Why 'Geronimo,' the war on pencil-necks, proof baseball hates the Twins, the new Dust Bowl, and I dare you not to click this link.
Laura Wilkins is walking to visit her mother in Grand Rapids, Michigan. She's in Tucson.
Wilkins, an artist, is streaming her walk 24/7, with a camera strapped to her head, connected to a solar-powered laptop in her backpack. "My artwork is about community and connections," she says on her Web site. "I believe that safety comes from trust, community and collaboration. I hope to use social networking, both online and traditional, to safely cross the country."
(h/t: Lorrie Sarafin)
She wants people to join her on her walk -- it's about 2,000 miles -- and tell her stories. The closest she'll get to Minnesota, however, is Dubuque.
The White House Correspondents Dinner featured this spoof from the White House:
What was particularly neat about the production was the short "For Hub" note at the end. Hub Schlafly died April 20th. He made people seem more spontaneous and clever than they really were. He invented theTelePrompTer.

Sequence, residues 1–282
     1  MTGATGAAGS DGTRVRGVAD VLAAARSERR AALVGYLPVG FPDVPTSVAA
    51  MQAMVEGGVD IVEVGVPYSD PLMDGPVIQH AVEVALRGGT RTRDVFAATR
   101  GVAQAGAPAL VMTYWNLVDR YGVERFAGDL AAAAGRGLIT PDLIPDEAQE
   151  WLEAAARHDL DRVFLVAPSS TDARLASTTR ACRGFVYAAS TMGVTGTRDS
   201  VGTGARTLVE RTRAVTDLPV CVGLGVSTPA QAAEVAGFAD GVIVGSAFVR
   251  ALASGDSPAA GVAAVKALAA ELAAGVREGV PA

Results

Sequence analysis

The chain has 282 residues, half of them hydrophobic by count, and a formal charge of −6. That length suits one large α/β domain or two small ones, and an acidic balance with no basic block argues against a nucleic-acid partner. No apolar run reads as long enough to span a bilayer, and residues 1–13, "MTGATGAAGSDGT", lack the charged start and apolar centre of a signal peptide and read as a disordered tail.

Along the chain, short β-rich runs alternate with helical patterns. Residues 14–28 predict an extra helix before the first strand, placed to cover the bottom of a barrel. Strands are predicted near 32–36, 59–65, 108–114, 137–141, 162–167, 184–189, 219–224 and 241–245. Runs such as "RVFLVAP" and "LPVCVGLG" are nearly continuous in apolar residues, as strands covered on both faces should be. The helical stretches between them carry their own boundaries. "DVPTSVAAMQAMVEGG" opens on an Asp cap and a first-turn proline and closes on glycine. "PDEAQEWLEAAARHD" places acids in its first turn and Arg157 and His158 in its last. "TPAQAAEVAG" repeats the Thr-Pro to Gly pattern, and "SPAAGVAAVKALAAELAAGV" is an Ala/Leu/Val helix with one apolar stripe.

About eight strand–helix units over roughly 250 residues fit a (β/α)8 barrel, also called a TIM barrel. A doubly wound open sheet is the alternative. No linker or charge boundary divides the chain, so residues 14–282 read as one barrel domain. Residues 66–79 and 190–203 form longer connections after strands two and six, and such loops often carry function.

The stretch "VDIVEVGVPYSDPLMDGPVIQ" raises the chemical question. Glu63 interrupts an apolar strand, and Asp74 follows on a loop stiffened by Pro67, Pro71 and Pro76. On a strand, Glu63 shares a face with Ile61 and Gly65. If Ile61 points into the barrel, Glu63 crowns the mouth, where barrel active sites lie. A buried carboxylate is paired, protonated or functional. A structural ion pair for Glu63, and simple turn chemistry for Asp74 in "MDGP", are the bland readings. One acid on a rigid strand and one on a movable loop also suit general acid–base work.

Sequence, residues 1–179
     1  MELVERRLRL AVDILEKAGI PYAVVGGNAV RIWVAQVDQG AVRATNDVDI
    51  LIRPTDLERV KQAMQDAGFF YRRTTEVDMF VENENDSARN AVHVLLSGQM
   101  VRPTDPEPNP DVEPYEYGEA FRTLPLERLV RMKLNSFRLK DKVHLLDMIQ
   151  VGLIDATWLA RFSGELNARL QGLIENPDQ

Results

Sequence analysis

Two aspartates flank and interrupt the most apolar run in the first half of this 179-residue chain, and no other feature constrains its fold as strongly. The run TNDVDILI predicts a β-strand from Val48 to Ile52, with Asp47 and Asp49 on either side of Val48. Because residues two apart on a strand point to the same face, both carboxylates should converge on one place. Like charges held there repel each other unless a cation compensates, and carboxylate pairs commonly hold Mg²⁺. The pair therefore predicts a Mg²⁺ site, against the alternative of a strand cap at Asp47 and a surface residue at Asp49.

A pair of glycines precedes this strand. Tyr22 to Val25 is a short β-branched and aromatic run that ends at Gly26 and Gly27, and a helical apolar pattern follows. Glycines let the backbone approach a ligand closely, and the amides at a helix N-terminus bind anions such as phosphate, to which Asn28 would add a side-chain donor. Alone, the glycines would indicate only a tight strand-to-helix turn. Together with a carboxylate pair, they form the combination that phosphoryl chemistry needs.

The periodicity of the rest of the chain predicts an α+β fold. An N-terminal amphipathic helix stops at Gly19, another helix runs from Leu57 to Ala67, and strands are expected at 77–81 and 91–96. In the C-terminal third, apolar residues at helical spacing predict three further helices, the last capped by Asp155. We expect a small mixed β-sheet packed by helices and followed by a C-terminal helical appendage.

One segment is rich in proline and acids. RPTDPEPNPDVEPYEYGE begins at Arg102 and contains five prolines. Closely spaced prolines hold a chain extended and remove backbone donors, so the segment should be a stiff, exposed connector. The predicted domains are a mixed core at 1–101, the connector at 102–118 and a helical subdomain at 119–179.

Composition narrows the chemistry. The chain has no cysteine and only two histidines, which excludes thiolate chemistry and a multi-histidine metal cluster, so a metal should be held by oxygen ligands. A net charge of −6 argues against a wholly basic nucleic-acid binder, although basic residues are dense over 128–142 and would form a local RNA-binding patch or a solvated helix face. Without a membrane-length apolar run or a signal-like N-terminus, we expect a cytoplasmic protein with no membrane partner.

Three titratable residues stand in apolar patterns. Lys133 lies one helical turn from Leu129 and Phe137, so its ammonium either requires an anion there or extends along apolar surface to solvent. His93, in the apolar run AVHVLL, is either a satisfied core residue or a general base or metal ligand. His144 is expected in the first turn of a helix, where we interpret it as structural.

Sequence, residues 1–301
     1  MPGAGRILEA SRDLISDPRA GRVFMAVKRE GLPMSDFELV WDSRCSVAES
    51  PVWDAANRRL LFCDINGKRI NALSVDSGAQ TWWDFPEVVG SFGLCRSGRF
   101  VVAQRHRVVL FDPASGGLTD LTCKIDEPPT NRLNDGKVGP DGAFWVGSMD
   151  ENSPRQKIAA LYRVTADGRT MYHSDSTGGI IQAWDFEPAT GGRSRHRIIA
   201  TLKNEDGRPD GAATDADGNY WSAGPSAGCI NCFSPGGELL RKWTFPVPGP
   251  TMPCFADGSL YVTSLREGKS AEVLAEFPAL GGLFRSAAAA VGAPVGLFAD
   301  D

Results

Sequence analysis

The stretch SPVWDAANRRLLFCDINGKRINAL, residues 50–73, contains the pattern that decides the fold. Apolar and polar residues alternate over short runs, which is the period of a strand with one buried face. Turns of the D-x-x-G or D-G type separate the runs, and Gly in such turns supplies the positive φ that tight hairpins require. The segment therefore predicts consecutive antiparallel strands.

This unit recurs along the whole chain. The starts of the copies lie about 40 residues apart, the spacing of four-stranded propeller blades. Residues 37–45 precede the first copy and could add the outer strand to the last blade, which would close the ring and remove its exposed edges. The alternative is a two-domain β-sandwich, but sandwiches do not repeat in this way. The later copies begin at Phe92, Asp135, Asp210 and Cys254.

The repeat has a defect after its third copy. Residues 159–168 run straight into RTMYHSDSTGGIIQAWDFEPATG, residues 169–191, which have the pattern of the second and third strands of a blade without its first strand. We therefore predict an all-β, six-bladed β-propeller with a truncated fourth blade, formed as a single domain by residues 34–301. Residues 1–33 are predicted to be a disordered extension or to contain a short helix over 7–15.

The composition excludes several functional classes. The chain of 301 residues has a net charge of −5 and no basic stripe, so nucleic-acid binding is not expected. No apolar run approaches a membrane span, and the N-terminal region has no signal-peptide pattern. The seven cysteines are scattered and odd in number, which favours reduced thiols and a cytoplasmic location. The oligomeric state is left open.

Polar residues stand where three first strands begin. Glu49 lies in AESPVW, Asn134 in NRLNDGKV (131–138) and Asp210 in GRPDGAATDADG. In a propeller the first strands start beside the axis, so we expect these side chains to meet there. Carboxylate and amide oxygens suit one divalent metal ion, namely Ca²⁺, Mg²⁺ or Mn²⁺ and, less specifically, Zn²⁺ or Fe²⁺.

How does this video rank on the list of White House (intentional) spoofs? Second, to Bill Clinton's "Final Days" video. Oh, and there are are only two spoofs to choose from, as near as we can tell.
Not since Garrison Keillor and Jesse Ventura went at it has the world seen a politician vs. elitist artist fray like the one developing between Rep. Matt Dean and author Neil Gaiman. As I wrote on 5x8 this morning, Rep. Dean called Gaiman a "pencil neck weasel" for accepting Legacy Amendment money to give a speech at the Stillwater library.
Gaiman "tweets" back that Dean is a twit...
He doesn't stop there...
A Twitter war? Pass the popcorn!
Back to you Rep. Dean...9 Comments)
Developers today unveiled their plan for the blighted Block E in downtown Minneapolis. The solution is a casino, according to MPR's Brandt Williams, who also provides an artist's rendering of what the casino could look like.
Look familiar at all? Here's another artist's rendering of the proposed expansion of the Target Center next door.
... which looked very much like the initial proposal for the Orchestra Hall renovations...
These things almost never end up looking at all like the original artist drawings that are designed to get people excited about a project. If they did, downtown Minneapolis would look pretty much the same from building to building -- lots of high ceilings, right angles, and glass.
Even the original pitch for the new Twins stadium stressed lots of glass...4 Comments)